A neon sign is more than just the neon tubes. It also contains a transformer, or power supply, that turns the alternating current into direct current to excite the neon gas. However, this transformer must be individually wired into the sign since most neon signs are custom made. The process is intimidating at first but you do not need to be an electrician to wire a neon transformer as it is designed to just plug into the neon tubes.
Things You'll Need
- Wire stripper
- Screwdriver set
Screw the neon transformer to the back of the neon sign if applicable (if not, skip to Step 2). Some smaller signs will have the power transformer attached directly to the sign, while larger neon signs will have the transformer sit apart from the sign. If the transformer is meant to attach to the sign, place the transformer against the back of the neon sign so that the screw holes on the side flanges line up with the screw holes on the back of the sign. Thread all four of the screws in by hand first to secure the transformer, then tighten the screws down with a screwdriver until the screws are flush with the backing.
Take the two individual power wires (not the power cord that goes into the wall socket) and thread them through the two holes in the back of the sign -- one for each wire. Pull each wire toward opposite ends of the neon tube. Take the caps off the ends of the tubes.
Strip a quarter-inch from the end of each power wire if the wires do not come pre-stripped. Twist the exposed wires with the exposed wires at the end of each neon tube. Twist the wires tight and at least three times around to ensure the connection is good. Having to rewire a neon sign can get tedious after a while. Put the caps back on the ends of the neon tubes with the power wires underneath.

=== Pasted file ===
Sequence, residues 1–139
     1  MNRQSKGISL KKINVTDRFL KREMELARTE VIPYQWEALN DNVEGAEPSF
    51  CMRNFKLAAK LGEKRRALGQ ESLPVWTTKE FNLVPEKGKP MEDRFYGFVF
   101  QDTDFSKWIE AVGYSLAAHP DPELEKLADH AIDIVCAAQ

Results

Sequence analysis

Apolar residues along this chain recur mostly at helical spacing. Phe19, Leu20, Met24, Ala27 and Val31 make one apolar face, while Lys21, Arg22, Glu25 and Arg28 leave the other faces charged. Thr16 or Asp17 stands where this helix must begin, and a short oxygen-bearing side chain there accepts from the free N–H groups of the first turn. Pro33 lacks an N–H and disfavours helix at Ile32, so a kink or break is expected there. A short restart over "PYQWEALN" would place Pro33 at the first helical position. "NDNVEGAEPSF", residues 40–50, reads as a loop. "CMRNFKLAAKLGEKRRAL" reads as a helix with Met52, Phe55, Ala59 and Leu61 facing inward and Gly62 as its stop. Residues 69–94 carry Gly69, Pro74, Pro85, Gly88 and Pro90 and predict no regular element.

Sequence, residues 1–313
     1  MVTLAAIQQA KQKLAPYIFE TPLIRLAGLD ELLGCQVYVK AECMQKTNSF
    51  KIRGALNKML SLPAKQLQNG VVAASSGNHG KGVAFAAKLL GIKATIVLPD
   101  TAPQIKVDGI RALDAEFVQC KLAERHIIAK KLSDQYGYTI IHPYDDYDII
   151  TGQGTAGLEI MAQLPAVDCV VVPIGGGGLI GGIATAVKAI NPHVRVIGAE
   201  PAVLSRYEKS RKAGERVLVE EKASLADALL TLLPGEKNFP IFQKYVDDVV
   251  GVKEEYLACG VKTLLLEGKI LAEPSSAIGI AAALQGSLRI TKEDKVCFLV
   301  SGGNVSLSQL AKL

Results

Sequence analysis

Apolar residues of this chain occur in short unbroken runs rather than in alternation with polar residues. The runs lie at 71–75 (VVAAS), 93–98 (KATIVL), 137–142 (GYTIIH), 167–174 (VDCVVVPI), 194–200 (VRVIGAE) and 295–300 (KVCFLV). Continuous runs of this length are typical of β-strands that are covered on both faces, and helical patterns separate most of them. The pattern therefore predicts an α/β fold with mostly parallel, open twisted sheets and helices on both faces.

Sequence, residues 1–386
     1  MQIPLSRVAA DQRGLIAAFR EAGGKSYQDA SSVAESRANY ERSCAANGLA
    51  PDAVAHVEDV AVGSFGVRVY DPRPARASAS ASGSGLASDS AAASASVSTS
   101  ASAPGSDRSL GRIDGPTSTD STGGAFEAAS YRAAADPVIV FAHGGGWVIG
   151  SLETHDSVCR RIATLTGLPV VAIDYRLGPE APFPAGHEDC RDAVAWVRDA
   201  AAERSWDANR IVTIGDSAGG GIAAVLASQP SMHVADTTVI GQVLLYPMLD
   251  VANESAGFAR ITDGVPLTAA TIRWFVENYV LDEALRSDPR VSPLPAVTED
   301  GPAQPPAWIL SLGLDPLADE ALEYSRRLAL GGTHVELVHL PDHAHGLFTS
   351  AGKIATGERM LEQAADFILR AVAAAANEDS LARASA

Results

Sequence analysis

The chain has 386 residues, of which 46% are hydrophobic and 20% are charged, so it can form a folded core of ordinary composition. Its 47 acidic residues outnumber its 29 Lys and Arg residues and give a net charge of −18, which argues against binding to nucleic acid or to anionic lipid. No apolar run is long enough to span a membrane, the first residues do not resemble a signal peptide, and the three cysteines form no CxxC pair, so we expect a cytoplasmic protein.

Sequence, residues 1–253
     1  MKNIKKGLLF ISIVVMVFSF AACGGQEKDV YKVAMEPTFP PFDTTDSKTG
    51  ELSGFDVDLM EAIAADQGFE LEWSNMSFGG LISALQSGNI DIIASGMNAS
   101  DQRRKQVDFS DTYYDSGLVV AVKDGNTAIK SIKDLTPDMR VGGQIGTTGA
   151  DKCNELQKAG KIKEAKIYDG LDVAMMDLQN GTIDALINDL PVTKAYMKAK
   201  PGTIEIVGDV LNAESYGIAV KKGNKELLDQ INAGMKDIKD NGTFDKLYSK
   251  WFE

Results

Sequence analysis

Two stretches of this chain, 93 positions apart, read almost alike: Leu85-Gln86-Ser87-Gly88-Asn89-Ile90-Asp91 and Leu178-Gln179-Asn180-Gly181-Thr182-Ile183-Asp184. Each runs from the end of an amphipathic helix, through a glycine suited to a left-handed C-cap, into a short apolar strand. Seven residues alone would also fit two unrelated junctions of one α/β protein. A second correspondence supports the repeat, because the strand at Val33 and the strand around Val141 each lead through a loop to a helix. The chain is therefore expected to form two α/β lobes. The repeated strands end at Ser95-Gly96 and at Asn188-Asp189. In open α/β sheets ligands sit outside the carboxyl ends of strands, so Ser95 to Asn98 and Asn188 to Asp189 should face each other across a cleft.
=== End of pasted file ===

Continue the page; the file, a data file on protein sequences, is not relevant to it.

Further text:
Plug the power cord (the one with the socket plug on it) into a nearby wall outlet. Flip the power switch on the neon transformer and check to make sure the neon tube lights up. If not, turn the sign off and unplug the power cord, as you need to rewire the power wire leads onto the neon tube wire for a better connection.
About the Author
Harvey Birdman has been writing since 2000 for academic assignments. He has trained in the use of LexisNexus, Westlaw and Psychnotes. He holds a Juris Doctor and a Master of Business Administration from the Chicago Kent School of Law and a Bachelor of Arts in both political science and psychology from the University of Missouri at Columbia.
music chord in neon image by Christopher Martin from Fotolia.com